Maybe it’s the great food! (which gives me a link to the next item).


Tournedos Rossini

Yet another picture in a restaurant review of a few grams of food exquisitely arranged on a plate, enough for a sparrow (and complete with the obligatory ‘smear’ left by said sparrow) prompted me to go back 30 or 40 years to give recent dinner guests a main course I had not prepared for several decades – Tournedos Rossini.

But before Bill Oddy and all the other animal rights campaigners have a go at me, have a look at the recipes (under the ‘Food’ menu item).

and losing pages

Just succeeded to add some menu items, and even a sub-menu, thanks to advice from a member on the forum, but I still cannot get a page I’ve created to show up. It’s on five years volunteering in Romania.

Picked up the Bay (‘Lofty’) from the garage this morning; thought it was a major problem but in fact just the collapse of a tyre wall (but on the inside so I didn’t spot it). Another was on the way out so that was changed too. Bloody expensive these tyres, but at least it wasn’t the major mechanical break I feared. Drives like a dream now.

Just tussling with a private hospital – referral from the GP. When it’s sorted I’ll have something to say about this in my ‘politics’ spot, and letting the Minister know.

Bear with me till I sort the workings of this site out.

I created this blog around four years ago. I’ve never posted to it till now but my initial comment in my profile, disappointment about what has happened to British society in the more than a decade of absence, sadly remains as true now as it was in 2004. Basically I catch up on politics through three tv programmes, all on BBC1: This Week, which would be much improved by eliminating the childishness – journalists dressed up as maids or milkmen – and the often (usually) excrutiating, embarassing links (I really watch it for Michael Portillo who often provides a fascinating insight into how politics works and insightful comment on recent political happenings); the Andrew Marr Show, despite Andrew Marr (ugh!), to remind myself just how disastrous it would be to have a Government with the likes of Balls, Milliband and Harman in it; and Sunday Politics, which would be much improved by cutting the time Andrew Neil is on the screen and doubling the time the three young  journalists – Isabel, Janen and Rowenna – have to comment on current events. I often don’t agree with them but they are intelligent and knowledgeable.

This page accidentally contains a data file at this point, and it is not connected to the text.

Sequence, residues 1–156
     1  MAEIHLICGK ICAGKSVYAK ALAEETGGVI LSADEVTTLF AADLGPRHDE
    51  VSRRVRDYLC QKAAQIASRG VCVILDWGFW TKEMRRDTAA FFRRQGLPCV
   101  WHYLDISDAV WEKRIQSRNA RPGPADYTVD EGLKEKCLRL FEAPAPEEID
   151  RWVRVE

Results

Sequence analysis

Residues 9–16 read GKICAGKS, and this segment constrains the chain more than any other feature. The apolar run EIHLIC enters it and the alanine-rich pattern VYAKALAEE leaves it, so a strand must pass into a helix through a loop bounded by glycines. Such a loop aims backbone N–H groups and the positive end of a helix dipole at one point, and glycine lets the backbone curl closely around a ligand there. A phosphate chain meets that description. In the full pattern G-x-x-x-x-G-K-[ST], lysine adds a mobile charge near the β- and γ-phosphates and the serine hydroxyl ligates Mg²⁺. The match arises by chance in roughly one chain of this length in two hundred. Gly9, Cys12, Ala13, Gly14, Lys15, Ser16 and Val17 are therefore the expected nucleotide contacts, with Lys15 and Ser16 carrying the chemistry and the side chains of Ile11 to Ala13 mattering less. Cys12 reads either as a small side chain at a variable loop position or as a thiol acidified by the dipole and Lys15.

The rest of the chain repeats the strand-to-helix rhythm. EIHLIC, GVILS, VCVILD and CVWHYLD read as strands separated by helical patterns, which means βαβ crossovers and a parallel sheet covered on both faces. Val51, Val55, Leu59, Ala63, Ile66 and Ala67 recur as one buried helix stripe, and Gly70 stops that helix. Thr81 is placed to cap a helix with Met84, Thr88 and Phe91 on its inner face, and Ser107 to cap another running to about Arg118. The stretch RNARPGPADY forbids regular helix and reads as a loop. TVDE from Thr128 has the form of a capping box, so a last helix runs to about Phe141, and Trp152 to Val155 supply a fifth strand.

I didn’t vote for any party or person in the most recent general election; I voted against so called ‘new labour’ by voting for the candidate most likely to get them out. It worked. The result overall was I think the best I could have hoped for in our very flawed so-called democracy – a Conservative majority government party held in check by an otherwise ineffective bunch of Liberal Democrats. As a former life-long supporter of Labour until Blair got at it,  I can only rejoice that the likes of Milliband, and particularly Balls, were kept out, despite the many failures of the present Government.

But what really sickens me is hearing politicians of all persuasions and nationalities bleating about the failure of the Euro, about the starving children and adults in Africa, about the horrendous excesses of the Assad regime in Syria and other Governments which have massacred sections of their populations, etc, etc, and almost never doing anything effective about it – unless of course oil is involved.

What has the VW camper got to do with it? Not a lot but given the above it does seem a lot more important than politics. So, in the future I might just be having a gripe about anything (like the crap service being delivered by some private sub-contractors to public sector services – possibly my next post) but I might, from time to time, be commenting on how sorting out my 1972 Bay camper – my daily ride – is going, what a camp site I’ve parked up on is like (aiming for Cornwall in August), and even about Romania (having spent over a decade in that country I understand very well why Prince Charles is making his second home(s) there!).